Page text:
A Guide to Shapes, Sizes and Colors

There are two basic categories of cigars: Parejos (parallel sides) and Figurados (irregular shapes). Within each category are a variety of cigar types, further distinguished by their size. There are two standards of measurement used to describe a cigar – length and diameter:

  • Length is measured in inches or centimeters
  • Diameter, referred to as the ring gauge, is  measured in degrees of 1/64th of an inch. View Details & Chart

Although different manufacturers will use different names, ring gauges and/or lengths for their particular cigars, the chart below offers a good, general point of reference for some of the most common cigar types (arranged alphabetically):

Parejos (Parallel) Sides:

Cigarillos


These small cigars, popular in Europe, are about the size of a cigarette. Smoking time: approx. 10 minutes.
Typically 3 inches in length
20 ring gauge

Churchill


A large corona-format cigar, named after Sir Winston Churchill. Smoking time: approx. 45-60 minutes.
Typically 7-8 inches in length
48 ring gauge
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Corona


The most familiar size and shape for premium cigars. Generally straight-sided with an open foot and a closed, rounded head. Smoking time: approx. 30-45 minutes.
Typically 5 1/2 inches in length
42 ring gauge
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Corona Gorda


Because of its similarity to the corona, this large cigar is often called a “double corona.” Smoking time: approx. 45-60 minutes.
Typically 7 5/8 inches in length
48-50 ring gauge

Gigante or Presidente


The largest of all cigar types, give yourself plenty of time if you purchase one of these. Smoking time: approx. 60-90 minutes.
Up to 10 inches in length
Up to 64 ring gauge

Gran Corona

Gran Corona
A longer version of the corona gorda. Smoking time: approx. 45-50 minutes. Typically 6 3/4 inches in length
48 ring gauge

Lonsdale


Named after the Earl of Lonsdale, this cigar is characterized by its length. Smoking time: approx. 45-50 minutes.
Up to 7 inches in length
40-42 ring gauge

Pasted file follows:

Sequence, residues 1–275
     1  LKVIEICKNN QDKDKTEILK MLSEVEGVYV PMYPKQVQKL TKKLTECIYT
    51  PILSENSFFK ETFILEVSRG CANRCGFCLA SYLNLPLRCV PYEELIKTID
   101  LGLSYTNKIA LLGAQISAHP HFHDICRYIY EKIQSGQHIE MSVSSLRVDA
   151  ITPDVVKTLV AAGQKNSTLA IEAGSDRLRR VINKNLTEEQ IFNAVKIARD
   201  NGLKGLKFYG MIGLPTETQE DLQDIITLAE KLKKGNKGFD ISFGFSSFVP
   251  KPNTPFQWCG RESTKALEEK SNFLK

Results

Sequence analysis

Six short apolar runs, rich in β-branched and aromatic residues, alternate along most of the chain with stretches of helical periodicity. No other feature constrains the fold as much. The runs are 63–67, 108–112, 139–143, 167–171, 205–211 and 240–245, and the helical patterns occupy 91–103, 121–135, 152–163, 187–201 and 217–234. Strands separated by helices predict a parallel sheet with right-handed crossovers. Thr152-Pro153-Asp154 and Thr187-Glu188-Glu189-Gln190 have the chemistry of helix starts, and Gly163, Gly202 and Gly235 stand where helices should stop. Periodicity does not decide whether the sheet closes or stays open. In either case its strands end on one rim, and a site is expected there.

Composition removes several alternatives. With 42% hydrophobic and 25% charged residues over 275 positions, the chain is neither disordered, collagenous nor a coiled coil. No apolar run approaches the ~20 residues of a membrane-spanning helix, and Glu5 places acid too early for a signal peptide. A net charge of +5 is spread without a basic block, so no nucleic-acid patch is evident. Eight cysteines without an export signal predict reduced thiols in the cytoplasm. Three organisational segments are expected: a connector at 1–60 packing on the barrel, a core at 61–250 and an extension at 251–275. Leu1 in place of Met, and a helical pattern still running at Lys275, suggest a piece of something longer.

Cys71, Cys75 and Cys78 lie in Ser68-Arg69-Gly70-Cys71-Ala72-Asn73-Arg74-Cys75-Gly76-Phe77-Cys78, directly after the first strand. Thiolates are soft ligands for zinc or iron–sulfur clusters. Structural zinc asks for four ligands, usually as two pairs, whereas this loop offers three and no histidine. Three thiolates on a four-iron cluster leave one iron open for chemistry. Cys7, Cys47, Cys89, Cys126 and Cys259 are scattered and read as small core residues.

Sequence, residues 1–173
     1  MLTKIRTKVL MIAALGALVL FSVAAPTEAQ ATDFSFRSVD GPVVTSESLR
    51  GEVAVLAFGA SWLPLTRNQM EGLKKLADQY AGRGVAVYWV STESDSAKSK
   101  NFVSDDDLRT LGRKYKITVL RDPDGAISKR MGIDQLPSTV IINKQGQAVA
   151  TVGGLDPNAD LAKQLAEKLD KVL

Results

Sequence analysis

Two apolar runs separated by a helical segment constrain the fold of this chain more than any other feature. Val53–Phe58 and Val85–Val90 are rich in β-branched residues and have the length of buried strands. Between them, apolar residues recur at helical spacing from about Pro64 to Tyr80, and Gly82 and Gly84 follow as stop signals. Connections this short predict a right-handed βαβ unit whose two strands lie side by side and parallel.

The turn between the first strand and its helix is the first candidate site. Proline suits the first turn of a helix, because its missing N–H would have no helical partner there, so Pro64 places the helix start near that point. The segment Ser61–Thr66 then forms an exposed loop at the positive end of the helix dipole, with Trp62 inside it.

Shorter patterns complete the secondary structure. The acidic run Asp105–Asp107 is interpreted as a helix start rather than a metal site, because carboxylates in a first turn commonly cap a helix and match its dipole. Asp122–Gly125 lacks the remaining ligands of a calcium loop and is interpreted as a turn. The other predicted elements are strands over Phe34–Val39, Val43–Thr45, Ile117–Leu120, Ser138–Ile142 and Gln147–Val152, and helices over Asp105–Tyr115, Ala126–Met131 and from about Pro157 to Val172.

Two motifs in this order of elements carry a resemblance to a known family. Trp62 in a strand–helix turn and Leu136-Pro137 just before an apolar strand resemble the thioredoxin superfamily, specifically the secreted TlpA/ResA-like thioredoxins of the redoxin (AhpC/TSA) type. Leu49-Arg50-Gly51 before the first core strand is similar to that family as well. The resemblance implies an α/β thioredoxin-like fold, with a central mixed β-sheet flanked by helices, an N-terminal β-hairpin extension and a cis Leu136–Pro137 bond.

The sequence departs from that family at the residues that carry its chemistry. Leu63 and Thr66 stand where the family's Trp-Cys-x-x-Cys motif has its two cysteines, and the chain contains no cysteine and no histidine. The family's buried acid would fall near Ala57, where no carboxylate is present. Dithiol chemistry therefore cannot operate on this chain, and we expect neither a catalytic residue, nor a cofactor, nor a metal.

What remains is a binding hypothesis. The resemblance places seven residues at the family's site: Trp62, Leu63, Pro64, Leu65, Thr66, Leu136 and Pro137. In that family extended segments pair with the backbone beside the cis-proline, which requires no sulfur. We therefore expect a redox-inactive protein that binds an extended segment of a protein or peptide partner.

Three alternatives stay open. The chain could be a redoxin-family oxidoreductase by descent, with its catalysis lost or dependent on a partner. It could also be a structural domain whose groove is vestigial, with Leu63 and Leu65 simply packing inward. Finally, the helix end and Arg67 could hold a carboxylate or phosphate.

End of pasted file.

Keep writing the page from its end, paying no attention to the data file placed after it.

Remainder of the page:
Panatela


A long, thin cigar, often braided to create Culebras. Smoking time: approx. 35-45 minutes.
Typically 5 inches in length
40-42 ring gauge

Petit Corona

A smaller version of the classic corona. Smoking time: approx. 25 minutes.
Typically 5 inches in length
40-42 ring gauge

Robusto or Rothschild


Named after Baron de Rothschild, this short, fat cigar is also known as a Robusto. Smoking time: approx. 25-40 minutes.
Typically 5-6 inches in length
50 ring gauge
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Figurados (Irregular Shapes)

Belicoso


Similar to the pyramid but the head is polished, or rounded off, instead of pointed. Smoking time: approx. 45 minutes.
Typically 6 inches in length
48-52 ring gauge

Culebras


This strange cigar is actually made of three panetelas braided and banded together. Smoking time: approx. 25-30 minutes.
Typically 5 inches in length
33 ring gauge

Perfecto


A distinctive cigar shape that is closed at both ends, with a rounded head, and usually with a bulge in the middle. Smoking time: approx. 45 minutes.
Typically 5-6 inches in length
48-52 ring gauge

Pyramid


A sharply tapered cigar with a wide, open foot and a closed head. Smoking time: approx. 45-60 minutes.
typically 6 1/2 inches in length
52 ring gauge

Torpedo

This cigar features a closed foot, a pointed head and a bulge in the middle. Smoking time: approx. 60 minutes.
Typically 6 inches in length
60 ring gauge

Ring Gauge/Ring Size